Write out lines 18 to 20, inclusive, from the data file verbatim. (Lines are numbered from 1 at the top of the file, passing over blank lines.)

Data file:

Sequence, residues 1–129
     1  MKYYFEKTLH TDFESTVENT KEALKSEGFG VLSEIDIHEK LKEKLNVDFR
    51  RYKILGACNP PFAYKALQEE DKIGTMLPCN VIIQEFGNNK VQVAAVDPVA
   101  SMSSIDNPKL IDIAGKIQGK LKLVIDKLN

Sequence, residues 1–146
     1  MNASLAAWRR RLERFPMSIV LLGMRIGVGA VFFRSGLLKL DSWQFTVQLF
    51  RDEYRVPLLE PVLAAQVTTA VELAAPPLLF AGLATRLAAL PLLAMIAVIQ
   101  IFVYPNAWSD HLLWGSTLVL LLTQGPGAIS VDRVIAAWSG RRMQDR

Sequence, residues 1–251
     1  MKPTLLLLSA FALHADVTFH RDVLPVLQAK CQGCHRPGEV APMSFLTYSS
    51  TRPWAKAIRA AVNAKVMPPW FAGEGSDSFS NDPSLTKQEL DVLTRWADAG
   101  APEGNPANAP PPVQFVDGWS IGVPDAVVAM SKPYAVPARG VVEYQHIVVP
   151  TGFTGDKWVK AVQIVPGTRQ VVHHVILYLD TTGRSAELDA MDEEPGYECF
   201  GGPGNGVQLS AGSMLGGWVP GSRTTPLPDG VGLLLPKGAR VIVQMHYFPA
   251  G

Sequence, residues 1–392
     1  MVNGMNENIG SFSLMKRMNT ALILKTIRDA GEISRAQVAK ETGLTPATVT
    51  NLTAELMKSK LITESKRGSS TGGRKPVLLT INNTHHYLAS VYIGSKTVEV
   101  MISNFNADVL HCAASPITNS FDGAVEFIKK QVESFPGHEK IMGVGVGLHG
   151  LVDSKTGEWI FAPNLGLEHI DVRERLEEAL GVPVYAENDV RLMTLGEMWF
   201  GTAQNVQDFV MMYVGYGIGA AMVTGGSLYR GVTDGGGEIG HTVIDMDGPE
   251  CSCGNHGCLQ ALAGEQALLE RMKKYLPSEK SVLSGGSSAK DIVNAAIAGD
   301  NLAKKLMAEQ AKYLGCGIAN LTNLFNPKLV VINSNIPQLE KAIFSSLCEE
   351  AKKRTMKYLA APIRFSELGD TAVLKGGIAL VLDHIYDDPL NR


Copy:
    51  NLTAELMKSK LITESKRGSS TGGRKPVLLT INNTHHYLAS VYIGSKTVEV
   101  MISNFNADVL HCAASPITNS FDGAVEFIKK QVESFPGHEK IMGVGVGLHG
   151  LVDSKTGEWI FAPNLGLEHI DVRERLEEAL GVPVYAENDV RLMTLGEMWF